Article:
wedding photography techniques

wedding photography: dealing with the DJ’s lights

As wedding reception venues and DJs are becoming more sophisticated in their lighting, there’s now the added challenge of spotlights and lasers and other lighting effects that compete with the simplicity of just using flash.

So how do you deal with this? You just deal with this. One way or another.

You can either embrace the colors (as in the example above),
or you can use flash to neutralize some of the wild color casts.
Just how do you do that? Well, there’s a little bit of homework at the end of this.

Very often, I shoot towards the DJ’s booth, so that the wild colors become splashes of color, whether I add (on-camera bounce) flash, or not. This way I don’t have to directly compete with the lights, but they become an enhancement of the image.

With lasers skimming around – my advice is to shoot a lot to make sure you have enough images, in case some were spoiled by bright green dots. Also, learn to love photoshop and the Healing Brush.

With up-lighting that becomes quite prominent – well, there’s the little bit of homework to do at the end!

And if anyone advises you to use specific settings such as (for example):  1/60 @ f/4 @ 1600 ISO to cover every situation, they are fools who are misleading you. There are too many variables for generic camera settings. Scenarios and situations change. You need to adapt.

You’re not a passenger of your camera’s settings. You control them to allow more ambient light in, or less. And if you allow less ambient light in, you need to add additional light, whether flash or video light.

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when you need extreme bounce flash to photograph the wedding processional

As mentioned in the article on photographing the wedding processional, in my opinion, the wedding processional in the church is likely the most challenging part of the day in terms of our technique. People are moving towards you – admittedly at slow pace, unless the bridesmaids are nervous. Then they can easily just zip right up to the front! The light levels are low, and the light is most likely uneven. Adding flash to this is a reliable way to get clean open light on your subjects, but bounce flash can be a bit of a challenge.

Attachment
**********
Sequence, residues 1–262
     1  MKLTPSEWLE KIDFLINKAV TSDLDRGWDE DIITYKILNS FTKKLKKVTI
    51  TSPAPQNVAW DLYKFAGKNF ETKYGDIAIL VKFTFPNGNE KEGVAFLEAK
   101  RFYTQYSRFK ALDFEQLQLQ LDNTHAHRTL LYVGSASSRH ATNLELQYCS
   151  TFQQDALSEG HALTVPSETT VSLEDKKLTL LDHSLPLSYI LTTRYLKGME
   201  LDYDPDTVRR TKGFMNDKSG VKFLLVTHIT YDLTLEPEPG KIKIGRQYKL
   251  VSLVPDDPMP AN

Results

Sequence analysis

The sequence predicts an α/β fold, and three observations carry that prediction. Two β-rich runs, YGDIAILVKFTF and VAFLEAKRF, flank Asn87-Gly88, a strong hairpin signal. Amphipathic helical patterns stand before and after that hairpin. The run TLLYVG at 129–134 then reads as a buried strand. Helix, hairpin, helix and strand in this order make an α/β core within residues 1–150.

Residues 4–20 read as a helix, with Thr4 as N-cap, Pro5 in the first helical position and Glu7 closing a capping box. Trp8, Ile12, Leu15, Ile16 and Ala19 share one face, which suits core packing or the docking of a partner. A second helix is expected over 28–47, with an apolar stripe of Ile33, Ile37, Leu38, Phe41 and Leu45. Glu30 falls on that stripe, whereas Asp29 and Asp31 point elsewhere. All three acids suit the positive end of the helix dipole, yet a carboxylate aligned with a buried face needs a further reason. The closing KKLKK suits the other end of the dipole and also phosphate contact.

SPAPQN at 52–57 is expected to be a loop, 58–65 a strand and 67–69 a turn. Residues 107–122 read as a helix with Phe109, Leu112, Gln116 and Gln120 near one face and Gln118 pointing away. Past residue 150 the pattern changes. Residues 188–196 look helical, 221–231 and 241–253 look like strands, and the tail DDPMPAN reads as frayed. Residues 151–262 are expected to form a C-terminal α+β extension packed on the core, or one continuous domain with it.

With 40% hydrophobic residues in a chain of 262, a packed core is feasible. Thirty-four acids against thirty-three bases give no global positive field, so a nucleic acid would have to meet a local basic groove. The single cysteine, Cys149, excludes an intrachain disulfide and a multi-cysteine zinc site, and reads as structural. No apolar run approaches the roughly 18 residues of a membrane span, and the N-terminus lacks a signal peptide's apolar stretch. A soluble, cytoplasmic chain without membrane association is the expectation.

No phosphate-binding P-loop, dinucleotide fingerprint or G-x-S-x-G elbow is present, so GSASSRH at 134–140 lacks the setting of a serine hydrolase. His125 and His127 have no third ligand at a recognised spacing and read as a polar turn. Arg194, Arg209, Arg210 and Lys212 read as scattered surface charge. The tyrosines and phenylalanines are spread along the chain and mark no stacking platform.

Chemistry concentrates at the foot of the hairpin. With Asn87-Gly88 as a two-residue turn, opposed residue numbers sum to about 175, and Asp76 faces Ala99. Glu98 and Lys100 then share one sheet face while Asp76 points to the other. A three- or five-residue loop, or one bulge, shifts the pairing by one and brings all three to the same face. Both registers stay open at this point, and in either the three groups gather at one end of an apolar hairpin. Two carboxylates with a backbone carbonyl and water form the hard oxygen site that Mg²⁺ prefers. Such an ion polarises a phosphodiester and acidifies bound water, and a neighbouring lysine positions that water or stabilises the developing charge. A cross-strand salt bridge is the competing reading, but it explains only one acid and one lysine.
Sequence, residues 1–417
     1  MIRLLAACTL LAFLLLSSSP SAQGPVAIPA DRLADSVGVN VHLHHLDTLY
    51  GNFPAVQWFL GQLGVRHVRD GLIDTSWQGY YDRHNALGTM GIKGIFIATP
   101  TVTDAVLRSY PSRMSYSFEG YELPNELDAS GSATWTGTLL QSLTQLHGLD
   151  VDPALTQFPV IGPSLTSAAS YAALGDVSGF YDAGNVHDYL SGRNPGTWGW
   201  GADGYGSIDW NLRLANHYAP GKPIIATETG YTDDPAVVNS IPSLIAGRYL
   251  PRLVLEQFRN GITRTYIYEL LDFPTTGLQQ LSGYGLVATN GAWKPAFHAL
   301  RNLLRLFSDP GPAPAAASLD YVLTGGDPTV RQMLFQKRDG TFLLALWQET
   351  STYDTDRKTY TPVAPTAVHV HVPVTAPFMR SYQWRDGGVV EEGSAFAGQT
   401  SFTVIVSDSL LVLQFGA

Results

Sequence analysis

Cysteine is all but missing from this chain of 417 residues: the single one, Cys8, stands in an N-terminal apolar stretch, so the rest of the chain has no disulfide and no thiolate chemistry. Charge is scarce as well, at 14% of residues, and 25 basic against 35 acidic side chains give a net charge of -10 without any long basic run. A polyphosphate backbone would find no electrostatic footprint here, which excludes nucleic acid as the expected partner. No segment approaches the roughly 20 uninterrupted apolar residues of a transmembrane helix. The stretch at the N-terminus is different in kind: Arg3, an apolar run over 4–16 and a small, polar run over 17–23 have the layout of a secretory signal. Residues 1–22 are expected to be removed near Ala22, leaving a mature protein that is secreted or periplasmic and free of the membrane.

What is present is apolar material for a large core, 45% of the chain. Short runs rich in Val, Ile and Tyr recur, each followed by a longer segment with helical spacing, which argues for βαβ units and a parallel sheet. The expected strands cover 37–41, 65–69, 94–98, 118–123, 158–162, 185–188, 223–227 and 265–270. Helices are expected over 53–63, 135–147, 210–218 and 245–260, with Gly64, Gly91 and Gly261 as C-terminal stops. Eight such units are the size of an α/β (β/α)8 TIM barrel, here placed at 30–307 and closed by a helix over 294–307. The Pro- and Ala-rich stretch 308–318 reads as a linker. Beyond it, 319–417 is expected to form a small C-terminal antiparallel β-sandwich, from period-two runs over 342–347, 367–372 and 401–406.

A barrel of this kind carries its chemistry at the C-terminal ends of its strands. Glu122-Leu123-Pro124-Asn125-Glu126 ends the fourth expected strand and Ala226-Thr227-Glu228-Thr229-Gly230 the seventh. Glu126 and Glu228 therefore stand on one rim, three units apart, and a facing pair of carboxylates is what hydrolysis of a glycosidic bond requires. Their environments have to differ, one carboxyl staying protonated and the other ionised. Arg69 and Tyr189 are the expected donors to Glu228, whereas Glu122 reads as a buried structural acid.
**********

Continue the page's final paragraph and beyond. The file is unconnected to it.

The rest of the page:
As an example, with this wedding in Temple Israel of Lawrence, in New York, the light was really low. Not just that, the temple itself was cavernously huge. Yet, a few test shots showed that I could get the kind of light that I like, using just on-camera bounce flash.

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manual on-camera bounce flash

With the response to the article on bounce flash photography at wedding receptions, it might be good to continue the topic. While I prefer TTL flash when I use bounce flash, there are times when I do use my on-camera flash in manual exposure mode when I bounce it.

Julie & Kenny’s wedding, at the Laurita Winery, NJ, proved to be a bit of a challenge with the reception. The reception area was in the winery which had a beautiful interior … but it wasn’t white. Bounce flash was a touch more difficult than usual here.

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bounce flash photography / lighting at wedding receptions

This photograph from a recent wedding got a few comments and questions in the album on Facebook. The questions really hinged around “where did all that light come from?” or whether I had used off-camera flash.

The purple and blue light in the back-ground is from the up-lighting from the entertainment / DJ company. The light on the couple entering the reception room … is all one on-camera bounce flash.

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wedding photography: using high ISO and flash to retain ambience at the reception

Chatting with other photographers at the recent WPS convention in Chapel Hill, NC, I was again struck by how there are so many different ways of approaching lighting. In this case, lighting at the wedding reception. The one photographer I was chatting to, set up multiple speedlights around the reception room, and then controls which are fired, from his on-camera Master speedlight.  Very impressive.

In recent years, the wedding reception venues where I’ve shot on the East Coast of the USA, have moved away from being the dark-hole large rooms, by adding up-lighting, and making the places generally more vibrant and colorful. Coupled with the astonishing high-ISO capability of the last two generations of cameras, I really haven’t felt the need to set up additional lighting to lift the general light levels, like I would have in the past, as described in this article:
- wedding photography: TTL flash with off-camera manual flash
A wedding from earlier this year, at the same venue … where I was able to effectively light the entire place with just an on-camera speed light.
- bounce flash photography & the inverse square law

By using a higher ISO, and carefully bouncing my flash, I could get away with a much simpler set-up of a single on-camera speedlight.